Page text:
Positive, interesting, and truthful statements can effectively support an argument that filling a GAP in understanding is necessary to advance scientific understanding.

To justify the time and effort necessary for research, scientists must propose to study a problem that many people would agree is important.  Once scientists have identified an important research problem, the objective of scientific research is  typically to make discoveries and generate new understanding (although replicating experiments is a valuable and under-represented effort; Nosek, 2015).  Identifying "Gaps" in our understanding is important for making discoveries  (Weissberg & Buker 1990; Lingard, 2018).

DEFINITION: A "gap" in understanding is some aspect of the world (or universe) that we do NOT understand well enough, but we DO have enough information around the "gap" to create reasonable hypotheses. We can think of the "gap" as being between our current understanding and a more complete understanding that is important to achieve.

A "gap" in understanding is usually presents us with a question, and it is often helpful to express a "gap" as an answerable question.

There are many types of "gaps" in our understanding; many types of questions that are important to ask. We might seek to understand how a type of protein contributes to cell function, or how vaping affects brain development in teens, or why our knees bend forward instead of backward. In each case, we currently have some understanding of each process (the functions of other proteins, other disruptors of brain development, knees that bend forwards and backwards in other animals) that can help us ask, and answer, our question.

Identifying gaps in understanding involves surveying the published literature, and using published findings to construct deductive or inductive arguments to support the existence of a reasonable gap. Most often, scientists have informally identified a gap in understanding before writing the Introduction section of a paper. Therefore, making arguments for a gap in understanding can use the strategy of reverse engineering: using the proposed gap in understanding to determine what information readers need in order to understand the proposed gap. 

For example, consider the gap in understanding: "We do not know if interleaving academic training with motor skills training results in more learning than blocked training for either academics or motor skills."

The gap statement suggests that the Introduction would need to define and/or review:

A) What "interleaving" practice is.

B) What "learning" is, and how learning can be measured.

C) Why specific types of academic study and motor skills are most relevant to investigate.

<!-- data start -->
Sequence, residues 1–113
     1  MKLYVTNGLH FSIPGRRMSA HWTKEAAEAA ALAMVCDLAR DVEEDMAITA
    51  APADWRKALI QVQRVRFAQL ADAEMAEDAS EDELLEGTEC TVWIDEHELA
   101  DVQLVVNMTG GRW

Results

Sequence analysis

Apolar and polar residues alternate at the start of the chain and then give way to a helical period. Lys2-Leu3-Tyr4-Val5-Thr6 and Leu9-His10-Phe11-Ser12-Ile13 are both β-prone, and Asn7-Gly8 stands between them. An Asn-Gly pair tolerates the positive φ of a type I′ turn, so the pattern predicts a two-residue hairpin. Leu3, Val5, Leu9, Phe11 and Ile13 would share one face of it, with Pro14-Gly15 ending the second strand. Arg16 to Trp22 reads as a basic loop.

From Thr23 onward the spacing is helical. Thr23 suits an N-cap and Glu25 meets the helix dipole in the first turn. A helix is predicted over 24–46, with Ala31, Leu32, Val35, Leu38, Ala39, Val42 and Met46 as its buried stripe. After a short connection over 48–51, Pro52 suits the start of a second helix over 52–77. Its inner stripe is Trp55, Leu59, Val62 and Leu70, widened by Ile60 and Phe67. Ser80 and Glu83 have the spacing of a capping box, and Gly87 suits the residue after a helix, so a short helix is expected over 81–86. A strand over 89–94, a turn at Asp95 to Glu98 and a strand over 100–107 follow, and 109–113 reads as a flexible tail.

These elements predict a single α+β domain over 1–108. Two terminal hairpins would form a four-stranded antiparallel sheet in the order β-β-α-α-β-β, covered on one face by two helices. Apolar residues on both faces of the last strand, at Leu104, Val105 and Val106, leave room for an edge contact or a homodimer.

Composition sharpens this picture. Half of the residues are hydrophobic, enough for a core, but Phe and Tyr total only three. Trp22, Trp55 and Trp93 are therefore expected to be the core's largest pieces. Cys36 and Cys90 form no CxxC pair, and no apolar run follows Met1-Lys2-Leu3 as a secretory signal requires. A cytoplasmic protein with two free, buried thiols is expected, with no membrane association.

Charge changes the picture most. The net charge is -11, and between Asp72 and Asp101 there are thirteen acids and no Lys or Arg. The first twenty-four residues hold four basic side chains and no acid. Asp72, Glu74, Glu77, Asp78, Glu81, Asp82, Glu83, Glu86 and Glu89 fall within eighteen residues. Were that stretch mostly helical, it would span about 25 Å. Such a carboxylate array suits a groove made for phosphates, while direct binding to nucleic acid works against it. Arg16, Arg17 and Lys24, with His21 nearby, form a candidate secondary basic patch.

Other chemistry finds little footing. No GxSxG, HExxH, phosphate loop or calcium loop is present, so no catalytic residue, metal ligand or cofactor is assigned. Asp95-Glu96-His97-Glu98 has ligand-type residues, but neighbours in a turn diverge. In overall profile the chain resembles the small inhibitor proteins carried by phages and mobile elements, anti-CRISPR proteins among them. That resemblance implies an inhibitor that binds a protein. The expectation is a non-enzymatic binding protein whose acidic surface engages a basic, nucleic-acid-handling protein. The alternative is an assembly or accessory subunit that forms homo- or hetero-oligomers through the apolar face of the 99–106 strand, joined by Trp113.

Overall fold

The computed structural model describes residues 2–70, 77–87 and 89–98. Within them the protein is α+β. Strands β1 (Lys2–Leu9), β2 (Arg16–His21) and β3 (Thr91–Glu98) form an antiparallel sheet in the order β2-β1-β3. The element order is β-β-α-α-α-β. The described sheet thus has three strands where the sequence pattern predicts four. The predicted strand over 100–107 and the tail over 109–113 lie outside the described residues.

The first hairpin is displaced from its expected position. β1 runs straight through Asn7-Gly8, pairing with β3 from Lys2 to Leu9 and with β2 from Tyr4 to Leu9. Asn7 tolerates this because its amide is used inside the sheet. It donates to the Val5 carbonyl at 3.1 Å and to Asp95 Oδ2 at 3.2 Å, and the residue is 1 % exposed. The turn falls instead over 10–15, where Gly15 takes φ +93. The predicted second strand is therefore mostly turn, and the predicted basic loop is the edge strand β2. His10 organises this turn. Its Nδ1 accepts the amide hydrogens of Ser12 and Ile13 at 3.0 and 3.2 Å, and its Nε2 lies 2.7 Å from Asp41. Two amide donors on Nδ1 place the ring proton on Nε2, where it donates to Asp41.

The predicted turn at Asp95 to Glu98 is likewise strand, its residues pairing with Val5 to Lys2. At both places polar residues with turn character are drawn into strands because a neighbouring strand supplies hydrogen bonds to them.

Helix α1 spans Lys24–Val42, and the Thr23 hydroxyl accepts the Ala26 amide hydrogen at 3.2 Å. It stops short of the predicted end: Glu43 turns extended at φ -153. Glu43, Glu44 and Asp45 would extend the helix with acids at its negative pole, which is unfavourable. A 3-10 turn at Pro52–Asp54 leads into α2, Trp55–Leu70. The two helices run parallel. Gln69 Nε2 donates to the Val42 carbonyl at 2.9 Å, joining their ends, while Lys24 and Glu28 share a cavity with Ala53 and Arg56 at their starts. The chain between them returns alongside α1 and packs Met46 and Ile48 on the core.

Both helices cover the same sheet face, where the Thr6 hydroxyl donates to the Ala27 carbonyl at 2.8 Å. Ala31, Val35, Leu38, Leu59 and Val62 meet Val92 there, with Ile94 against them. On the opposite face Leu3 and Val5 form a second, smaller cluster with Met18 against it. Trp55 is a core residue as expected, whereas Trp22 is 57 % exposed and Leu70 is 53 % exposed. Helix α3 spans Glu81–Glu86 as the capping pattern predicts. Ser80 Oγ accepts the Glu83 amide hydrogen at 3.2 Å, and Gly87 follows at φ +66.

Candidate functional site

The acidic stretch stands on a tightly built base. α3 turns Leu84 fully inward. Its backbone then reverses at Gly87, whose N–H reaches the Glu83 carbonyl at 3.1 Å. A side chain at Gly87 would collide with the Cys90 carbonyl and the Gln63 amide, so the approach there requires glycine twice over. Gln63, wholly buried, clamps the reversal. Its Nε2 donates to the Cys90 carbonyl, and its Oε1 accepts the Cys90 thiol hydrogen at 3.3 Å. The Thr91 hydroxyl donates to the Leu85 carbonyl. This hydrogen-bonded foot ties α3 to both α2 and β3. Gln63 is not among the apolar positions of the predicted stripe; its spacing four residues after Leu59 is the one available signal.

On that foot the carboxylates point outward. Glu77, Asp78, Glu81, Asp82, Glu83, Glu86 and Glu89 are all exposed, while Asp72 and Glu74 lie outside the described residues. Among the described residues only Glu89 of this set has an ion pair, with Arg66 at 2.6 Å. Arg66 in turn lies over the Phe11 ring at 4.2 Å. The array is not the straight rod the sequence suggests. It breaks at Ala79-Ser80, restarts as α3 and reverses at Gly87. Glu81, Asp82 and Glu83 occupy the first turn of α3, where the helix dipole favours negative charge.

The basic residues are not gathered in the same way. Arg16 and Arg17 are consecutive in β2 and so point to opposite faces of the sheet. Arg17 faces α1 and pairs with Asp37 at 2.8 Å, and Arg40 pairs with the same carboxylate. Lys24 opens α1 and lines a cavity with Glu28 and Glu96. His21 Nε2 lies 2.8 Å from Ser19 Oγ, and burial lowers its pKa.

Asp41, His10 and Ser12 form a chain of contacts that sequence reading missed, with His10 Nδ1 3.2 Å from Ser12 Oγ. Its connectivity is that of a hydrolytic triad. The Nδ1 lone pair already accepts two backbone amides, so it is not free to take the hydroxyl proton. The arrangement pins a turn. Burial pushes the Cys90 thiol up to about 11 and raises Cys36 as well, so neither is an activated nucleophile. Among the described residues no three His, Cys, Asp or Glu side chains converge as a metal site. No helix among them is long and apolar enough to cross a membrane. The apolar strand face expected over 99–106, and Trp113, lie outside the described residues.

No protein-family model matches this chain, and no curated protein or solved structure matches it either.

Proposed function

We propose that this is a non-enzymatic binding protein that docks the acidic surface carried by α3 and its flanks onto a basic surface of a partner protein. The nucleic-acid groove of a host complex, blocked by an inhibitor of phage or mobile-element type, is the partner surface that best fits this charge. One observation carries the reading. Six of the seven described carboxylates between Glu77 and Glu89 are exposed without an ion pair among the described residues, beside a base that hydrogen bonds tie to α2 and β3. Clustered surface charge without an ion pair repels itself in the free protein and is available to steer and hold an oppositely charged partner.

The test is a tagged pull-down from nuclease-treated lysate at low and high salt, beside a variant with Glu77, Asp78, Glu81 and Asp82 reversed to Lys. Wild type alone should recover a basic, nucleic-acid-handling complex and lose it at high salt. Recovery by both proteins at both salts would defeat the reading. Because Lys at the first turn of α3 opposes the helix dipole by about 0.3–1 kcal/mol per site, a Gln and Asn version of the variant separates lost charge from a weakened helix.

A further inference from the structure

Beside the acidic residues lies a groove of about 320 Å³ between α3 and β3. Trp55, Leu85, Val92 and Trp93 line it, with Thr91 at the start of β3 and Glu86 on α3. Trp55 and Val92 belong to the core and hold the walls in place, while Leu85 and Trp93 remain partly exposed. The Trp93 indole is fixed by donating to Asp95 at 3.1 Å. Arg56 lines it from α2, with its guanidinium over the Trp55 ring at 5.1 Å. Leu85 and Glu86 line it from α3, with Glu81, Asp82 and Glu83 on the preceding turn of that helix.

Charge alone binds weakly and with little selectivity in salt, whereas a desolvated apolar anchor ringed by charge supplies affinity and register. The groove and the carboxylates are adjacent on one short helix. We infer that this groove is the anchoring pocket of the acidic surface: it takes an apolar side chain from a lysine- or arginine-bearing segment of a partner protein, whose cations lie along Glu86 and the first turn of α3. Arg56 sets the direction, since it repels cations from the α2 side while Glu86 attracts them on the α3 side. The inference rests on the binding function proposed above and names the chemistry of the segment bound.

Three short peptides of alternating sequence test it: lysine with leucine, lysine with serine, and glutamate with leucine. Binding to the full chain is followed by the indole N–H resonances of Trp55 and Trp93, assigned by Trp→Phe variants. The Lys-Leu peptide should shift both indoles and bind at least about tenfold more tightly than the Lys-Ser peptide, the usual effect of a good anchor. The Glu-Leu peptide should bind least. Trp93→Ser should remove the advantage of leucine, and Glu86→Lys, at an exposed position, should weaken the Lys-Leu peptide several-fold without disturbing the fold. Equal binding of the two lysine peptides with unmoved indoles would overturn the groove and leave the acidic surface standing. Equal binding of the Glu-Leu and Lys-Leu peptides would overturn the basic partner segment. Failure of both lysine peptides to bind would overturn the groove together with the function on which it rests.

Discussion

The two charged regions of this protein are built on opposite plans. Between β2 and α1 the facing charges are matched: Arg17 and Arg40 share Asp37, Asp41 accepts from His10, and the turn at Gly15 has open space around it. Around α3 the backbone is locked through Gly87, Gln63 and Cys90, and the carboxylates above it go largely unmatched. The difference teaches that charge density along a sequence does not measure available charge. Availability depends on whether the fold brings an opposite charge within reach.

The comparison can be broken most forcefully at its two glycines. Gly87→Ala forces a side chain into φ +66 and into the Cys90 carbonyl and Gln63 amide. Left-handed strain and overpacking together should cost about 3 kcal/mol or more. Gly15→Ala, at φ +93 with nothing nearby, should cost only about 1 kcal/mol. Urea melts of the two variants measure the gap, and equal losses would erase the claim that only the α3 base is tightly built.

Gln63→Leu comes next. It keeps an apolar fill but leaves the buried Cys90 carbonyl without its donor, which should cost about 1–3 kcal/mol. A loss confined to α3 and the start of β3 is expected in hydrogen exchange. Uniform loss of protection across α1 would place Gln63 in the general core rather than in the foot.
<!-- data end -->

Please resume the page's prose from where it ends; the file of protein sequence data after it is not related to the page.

D) Current knowledge of the effects of interleaving on academic study relative to blocked study.

E) Current knowledge of the effects of interleaving on motor skills relative to blocked study.

F) In addition, the Introduction may choose to review other relevant evidence, such as the plausibility that interleaving academic and motor training increases learning for both relative to blocked training (e.g. by investigating the neural mechanisms of learning). 

However, the Introduction must do much more than simply define terms and describe current knowledge!

An effective Introduction identifies concepts, reviews research, and defines terms in the context of an ARGUMENT that filling the gap in understanding is necessary to advance scientific understanding. 

Making an argument that an experiment is necessary to advance scientific understanding is not easy. Creating a reasoned outline can help us to construct our overall argument that filling the identified the gap in understanding is necessary to advance scientific understanding. A reasoned outline can be built from the conclusions of reasoned sub-arguments.  Once a strong overall outline has been created, specific references to previous research can be used as premises to support the sub-conclusions of the outline. Both the outline and the full text of the paper will benefit from using clear logical transitions. Moreover, the challenging process of creating strong arguments typically requires many revisions.

Three principles are useful for constructing arguments to defend an important gap in understanding:

1) Write positively. Construct arguments from information that is known, where premises can be directly supported.

2) Write in a compelling way. Use interesting logical transitions:  the conjunction "but" and disjunction "or."

3) Write truthfully, using statements of appropriate scope.

1) Write positively.

DEFINITION: "Positive" indicates that the information is known (not unknown). Positive information comes from conclusive (sound or strong) research findings.